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View Full Version : Padlock question (hunting-related; for locking up tree stands,etc.)


FirstFreedom
July 20, 2006, 05:19 PM
I *think* that this is sufficiently gun-related, but maybe not....

Here's the deal. In stores, you can buy padlocks in singles, or packs of 4, all keyed the same. The singles tell you which key they use (keycode), so you can buy several others with the same key code (IF they are in stock). BUT, the 4-packs don't have the key code, which I find very stupid and irritating. Because I want 16-20 ALL keyed the same. I want to buy 4-5 four-packs with the same key code, for locking up stuff at both hunting land(s) and around the house (gate, tool shed, etc.). But I cannot since they don't put down the key code on the package, and even if they did, they wouldn't necessarily have 4 other 4-packs in stock with the same code (likely not even 1 other with the same key in stock at any given moment).

So, has anyone ever confronted this problem? What's the best way to get 15-20 pretty decent padlocks all keyed the same? Where/how to order such online? Thanks.

jhgreasemonkey
July 20, 2006, 05:26 PM
It might be kind of spendy but a local locksmith can set you up. Even the little stands. We deal with those in the auto business and they have padlocks also.

Scorch
July 20, 2006, 08:23 PM
You can order locks keyed alike in sets. If you want, you can order 1,000 of them all keyed alike. Generally they are sold in sets of 10 or 12, but all you have to do is talk with someone who can order the locks. Go to a safety supply vendor if you cannot get your local ACE or Good Value or Home Depot hardware man to order them.

dfaugh
July 23, 2006, 10:39 AM
Get thee to a locksmith. They will usually have large groups of locks, all keyed alike, for just such a request. If not they can key up some (and use 1/2 steps and such, so no "standard" key will fit them.) Also, they can advise best ones for outdoor use. Even so, I've found you need to lubricate them from time to time, or they get "sticky". Around here, in the winter they'll literally freeze, but I've had good luck just keeping the hosed down periodically w/ WD-40--repels moisture, and keep them lubed.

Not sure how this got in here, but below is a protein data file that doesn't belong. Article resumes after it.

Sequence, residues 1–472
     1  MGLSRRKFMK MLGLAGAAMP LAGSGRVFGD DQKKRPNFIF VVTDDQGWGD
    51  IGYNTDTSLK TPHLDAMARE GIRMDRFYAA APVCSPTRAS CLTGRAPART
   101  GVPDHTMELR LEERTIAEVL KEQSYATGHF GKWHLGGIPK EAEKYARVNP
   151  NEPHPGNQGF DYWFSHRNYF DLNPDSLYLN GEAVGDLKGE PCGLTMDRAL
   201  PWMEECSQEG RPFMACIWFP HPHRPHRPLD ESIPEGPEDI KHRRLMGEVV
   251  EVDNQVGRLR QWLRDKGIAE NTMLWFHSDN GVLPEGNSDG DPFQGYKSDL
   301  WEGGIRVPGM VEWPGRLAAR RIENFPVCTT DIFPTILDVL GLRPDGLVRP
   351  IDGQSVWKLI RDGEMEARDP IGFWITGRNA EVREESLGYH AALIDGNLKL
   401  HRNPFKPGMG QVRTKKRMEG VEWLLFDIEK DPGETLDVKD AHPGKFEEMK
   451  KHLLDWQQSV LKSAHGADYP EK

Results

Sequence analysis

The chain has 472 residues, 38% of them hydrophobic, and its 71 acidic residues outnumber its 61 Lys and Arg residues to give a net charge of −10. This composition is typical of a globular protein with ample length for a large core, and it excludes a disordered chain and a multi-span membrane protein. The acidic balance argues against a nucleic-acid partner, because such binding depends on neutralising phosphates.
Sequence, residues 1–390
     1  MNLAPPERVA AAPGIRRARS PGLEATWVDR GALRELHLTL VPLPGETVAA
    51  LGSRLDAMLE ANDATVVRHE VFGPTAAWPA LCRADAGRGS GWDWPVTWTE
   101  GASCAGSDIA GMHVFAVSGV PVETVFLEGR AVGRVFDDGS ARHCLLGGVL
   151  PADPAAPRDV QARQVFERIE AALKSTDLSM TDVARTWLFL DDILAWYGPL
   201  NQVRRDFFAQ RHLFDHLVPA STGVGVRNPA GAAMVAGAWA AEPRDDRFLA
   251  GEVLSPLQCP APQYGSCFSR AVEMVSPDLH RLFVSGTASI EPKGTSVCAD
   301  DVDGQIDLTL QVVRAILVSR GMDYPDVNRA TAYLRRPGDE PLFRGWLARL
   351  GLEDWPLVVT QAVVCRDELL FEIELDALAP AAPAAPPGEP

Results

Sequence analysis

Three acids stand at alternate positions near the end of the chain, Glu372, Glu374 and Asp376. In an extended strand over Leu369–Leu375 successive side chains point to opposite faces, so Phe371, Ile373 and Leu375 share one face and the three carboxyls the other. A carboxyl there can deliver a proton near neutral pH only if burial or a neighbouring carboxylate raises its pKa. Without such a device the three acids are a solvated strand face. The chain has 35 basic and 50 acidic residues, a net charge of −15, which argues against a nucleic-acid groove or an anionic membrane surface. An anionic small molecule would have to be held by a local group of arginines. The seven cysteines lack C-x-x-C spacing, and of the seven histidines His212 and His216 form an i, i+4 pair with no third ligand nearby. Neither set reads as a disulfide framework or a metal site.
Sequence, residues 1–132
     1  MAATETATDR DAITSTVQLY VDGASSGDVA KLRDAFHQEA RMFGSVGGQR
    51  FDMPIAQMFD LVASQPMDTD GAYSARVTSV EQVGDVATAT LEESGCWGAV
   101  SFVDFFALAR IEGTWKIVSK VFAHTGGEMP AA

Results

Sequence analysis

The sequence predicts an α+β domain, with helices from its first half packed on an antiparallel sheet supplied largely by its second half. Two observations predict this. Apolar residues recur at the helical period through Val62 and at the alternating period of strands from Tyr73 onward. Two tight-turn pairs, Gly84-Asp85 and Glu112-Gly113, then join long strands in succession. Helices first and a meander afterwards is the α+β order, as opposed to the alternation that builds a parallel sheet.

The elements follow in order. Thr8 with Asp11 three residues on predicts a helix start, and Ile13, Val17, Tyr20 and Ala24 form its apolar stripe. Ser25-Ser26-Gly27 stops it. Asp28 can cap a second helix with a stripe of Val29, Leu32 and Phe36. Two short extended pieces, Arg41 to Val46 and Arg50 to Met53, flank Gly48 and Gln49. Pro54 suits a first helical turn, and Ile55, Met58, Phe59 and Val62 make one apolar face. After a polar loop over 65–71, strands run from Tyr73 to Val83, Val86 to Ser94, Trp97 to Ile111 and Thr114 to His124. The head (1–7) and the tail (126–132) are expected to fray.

Crosshair
July 24, 2006, 10:23 PM
A propane torch will unfreeze locks quickly:D

/Ask me how I know.

guntotin_fool
July 25, 2006, 12:24 AM
call around, look in the phone book for locksmiths, commercial, ask them

if not call "7 corners hardware" in St Paul MN AFTER you find what kind of locks you like, ask them for a price, you will like it. 651 224 4859 for several years they were the biggest mail order tool shop on the planet. they will treat you right. I have ordered lots of 40 with all the same key for jobsites,

piercfh
July 28, 2006, 08:24 PM
Why dont you just buy combination locks? No key to lose, and you can set them all the same. Pluss most store bought locks can be picked with not much skill.

444
July 28, 2006, 11:18 PM
Picking a lock takes a lot of skill.
I have a set of picks and play around with it from time to time. Given enough time, I can pick most basic padlocks but it usually takes awhile. I have seen locksmiths pick locks and they didn't look any better than me.

On the other hand, a set of bolt cutters will pick most padlocks in a second.

I realize this doesn't add a thing to the thread and for that I apologize. But, pretty much every thead on these boards where some type of security is being discussed, the discussion eventually turns to how easy it would be to defeat. This is all very true, and to me only shows that there is no reason to go overboard: no matter what you do, it can be beaten. So, you make a reasonable effort at security and then hope for the best.